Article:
Yesterday I received an email from the Open Rights Group asking me to sign an on-line petition set up in collaboration with nearly 300 other organisations. The email said:
In 2013, we learned digital surveillance by governments across the world knows no bounds.
Their national intelligence and investigative agencies capture our phone calls, track our location, peer into our address books, and read our emails. They often do this in secret and without adequate public oversight, violating our human rights.
We won’t stand for this anymore.
Over the past year, 300 organisations have come together to support the International Principles on the Application of Human Rights to Communications Surveillance.
Today we’re launching a global petition supporting the 13 International Principles alongside a range of international NGOs including Access, Chaos Computer Club, Digitale Gesellschaft, Electronic Frontier Foundation, OpenMedia and Privacy International.
These thirteen Principles establish the human rights obligations of governments engaged in communications surveillance. 
They’ve been developed over months of consultation between internationally-recognised technology, privacy, and human rights experts.
Can you join people from around the world to lend your name and support to the Principles?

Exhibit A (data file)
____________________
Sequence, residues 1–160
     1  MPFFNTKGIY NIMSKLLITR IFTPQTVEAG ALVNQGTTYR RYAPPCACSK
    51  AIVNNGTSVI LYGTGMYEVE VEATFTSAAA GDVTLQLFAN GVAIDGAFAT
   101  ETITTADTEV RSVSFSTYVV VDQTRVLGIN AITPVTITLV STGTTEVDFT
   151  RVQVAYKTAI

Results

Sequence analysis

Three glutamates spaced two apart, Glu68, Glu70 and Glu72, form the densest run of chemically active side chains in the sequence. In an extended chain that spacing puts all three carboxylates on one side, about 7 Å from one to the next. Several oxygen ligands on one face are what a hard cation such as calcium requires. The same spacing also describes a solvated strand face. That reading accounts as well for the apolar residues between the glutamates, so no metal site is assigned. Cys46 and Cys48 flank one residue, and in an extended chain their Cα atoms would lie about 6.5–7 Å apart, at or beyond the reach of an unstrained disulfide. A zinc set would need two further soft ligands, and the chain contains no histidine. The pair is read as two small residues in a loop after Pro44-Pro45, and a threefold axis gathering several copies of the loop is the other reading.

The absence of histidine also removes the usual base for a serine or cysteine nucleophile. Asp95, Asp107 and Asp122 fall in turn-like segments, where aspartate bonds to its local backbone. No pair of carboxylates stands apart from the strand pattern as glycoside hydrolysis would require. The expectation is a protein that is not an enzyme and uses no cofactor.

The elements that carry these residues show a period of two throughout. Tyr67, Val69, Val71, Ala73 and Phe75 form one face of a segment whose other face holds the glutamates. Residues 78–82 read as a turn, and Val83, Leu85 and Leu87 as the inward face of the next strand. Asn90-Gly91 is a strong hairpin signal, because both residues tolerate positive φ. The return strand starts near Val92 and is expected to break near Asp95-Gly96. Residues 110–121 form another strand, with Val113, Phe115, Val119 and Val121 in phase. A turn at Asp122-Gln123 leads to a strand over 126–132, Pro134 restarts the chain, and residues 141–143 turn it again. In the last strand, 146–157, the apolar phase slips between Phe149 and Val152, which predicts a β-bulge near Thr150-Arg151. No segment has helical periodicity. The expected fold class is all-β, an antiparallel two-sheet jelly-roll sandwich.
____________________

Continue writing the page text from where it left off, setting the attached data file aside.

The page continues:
Unfortunately, the link given in the email went to a page on the “necessaryandproportionate” website which sought signatures from persons signing on behalf of NGOs rather than individuals wishing to add their own voices to the campaign. Today I received a new email pointing to an amended page where I might actually sign up as me rather than me qua some officer representing an organisation.
A brief investigation of that website shows the following “idiosyncracies”. Firstly, the website on IP address 188.8.131.52 appears to be hosted by Silicon Valley Web Hosting out of San Jose in California (see below – click for a full sized image – note the “ShowIP” popup info bottom left).
There is nothing inherently wrong with that (though of course the hosting company is subject to US law). After all, lots of websites I use are hosted in the US, and there are many US based organisations appearing as signatories to the petition. However, the SSL certificate used appears to be both woefully weak and incorrectly signed – note in particular the CN (common name) assignation is a wildcard for “trollingeffects.org” whilst the actual website is called “en.necessaryandproportionate.org”. Again, see below:
So the organisation has re-purposed a certificate produced for another domain rather than getting a nice shiny new (strong) one for itself. And frankly, a 128 bit RC4 cipher with a SHA-1 MAC is just laughably daft given that the page in question says:
Join the global movement demanding the protection of human rights and an end to mass surveillance. Let the world know: Privacy is a human right. Endorse the Necessary and Proportionate Principles.
Whilst I may have no problem in people knowing that I have signed such a petition (after all, if it is to be effective, then the petitioners’ names (and where applicable, affiliations) must be public, I’m not that keen on using a website run by a supposedly privacy conscious collective which is so woefully inadequate in even the basic protection it offers.
“C minus – must do better.”
(Oh, and for comparison, the Open Rights Group’s own website is hosted by ByteMark Consulting (Hi Guys) and uses a 256 bit AES cipher.)